The city was abundantly supplied with water by means of hydraulic constructions as perfect and complete as could be made in those days. The water was brought by leaden pipes from a stream which came down from the mountains at some distance from the town.  It was conveyed by these pipes to every part of the town, and was distributed freely, so that every great street had a little current of water running through it, and every house a fountain in the court or garden.  Besides this, in a public square or park there was a mound where the water was made to spout up in the centre, and then flow down in little rivulets and cascades on every side.

The gates and towers which have been described were in the outer wall, and beyond them, in the environs, were a great many fields, gardens, orchards, and beautifully-cultivated grounds, which produced fruits of all sorts, that were sent by the merchants into all the neighboring countries. At a little distance the town was almost entirely concealed from view by these gardens and orchards, there being nothing to be seen but minarets, and some of the loftier roofs of the houses, rising above the tops of the trees.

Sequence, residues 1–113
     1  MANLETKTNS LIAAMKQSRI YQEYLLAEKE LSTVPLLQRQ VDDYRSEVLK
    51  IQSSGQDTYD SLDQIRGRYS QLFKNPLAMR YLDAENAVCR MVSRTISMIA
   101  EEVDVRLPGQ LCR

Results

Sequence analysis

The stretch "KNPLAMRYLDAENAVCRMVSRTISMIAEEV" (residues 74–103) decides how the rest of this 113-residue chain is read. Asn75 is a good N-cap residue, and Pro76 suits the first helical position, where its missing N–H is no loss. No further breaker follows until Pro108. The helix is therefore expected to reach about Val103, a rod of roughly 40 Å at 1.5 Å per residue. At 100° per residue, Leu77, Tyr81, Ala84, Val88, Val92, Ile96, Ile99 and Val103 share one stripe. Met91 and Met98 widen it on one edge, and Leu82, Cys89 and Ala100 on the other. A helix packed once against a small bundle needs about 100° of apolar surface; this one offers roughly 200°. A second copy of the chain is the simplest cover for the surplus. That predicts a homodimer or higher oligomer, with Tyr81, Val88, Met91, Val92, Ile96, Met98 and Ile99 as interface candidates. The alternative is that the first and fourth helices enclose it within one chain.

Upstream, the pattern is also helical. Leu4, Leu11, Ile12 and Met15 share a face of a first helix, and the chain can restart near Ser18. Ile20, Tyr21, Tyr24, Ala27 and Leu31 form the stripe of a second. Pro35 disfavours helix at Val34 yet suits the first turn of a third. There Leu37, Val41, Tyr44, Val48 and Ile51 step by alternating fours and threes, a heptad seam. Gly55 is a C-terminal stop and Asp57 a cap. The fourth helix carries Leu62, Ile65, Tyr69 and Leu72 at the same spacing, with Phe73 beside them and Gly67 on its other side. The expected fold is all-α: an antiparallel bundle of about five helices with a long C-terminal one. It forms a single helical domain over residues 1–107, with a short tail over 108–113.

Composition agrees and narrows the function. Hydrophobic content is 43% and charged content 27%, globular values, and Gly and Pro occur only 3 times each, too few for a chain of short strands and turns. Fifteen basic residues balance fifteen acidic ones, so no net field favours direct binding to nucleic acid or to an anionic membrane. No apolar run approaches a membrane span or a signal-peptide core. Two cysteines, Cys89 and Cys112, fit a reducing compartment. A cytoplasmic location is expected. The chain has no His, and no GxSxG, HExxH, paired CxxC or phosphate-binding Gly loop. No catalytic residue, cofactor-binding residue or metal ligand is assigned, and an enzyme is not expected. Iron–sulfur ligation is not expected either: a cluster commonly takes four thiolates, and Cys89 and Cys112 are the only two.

The opinions which Genghis Khan entertained on religious subjects appear from a conversation which he held at one time during the course of his campaigns in Western Asia with some learned Mohammedan doctors at Bokhara, which was the great seat at that time of science and philosophy.  He asked the doctors what were the principles of their religion. They replied that these principles consisted of five fundamental points: 1. In believing in one God, the creator of all things, and the supreme ruler and governor of the universe. 2. In giving one fortieth part of their yearly income or gains to the poor. 3. In praying to God five times every day. 4. In setting apart one month in each year for fasting. 5. In making a pilgrimage to the temple in Mecca, there to worship God.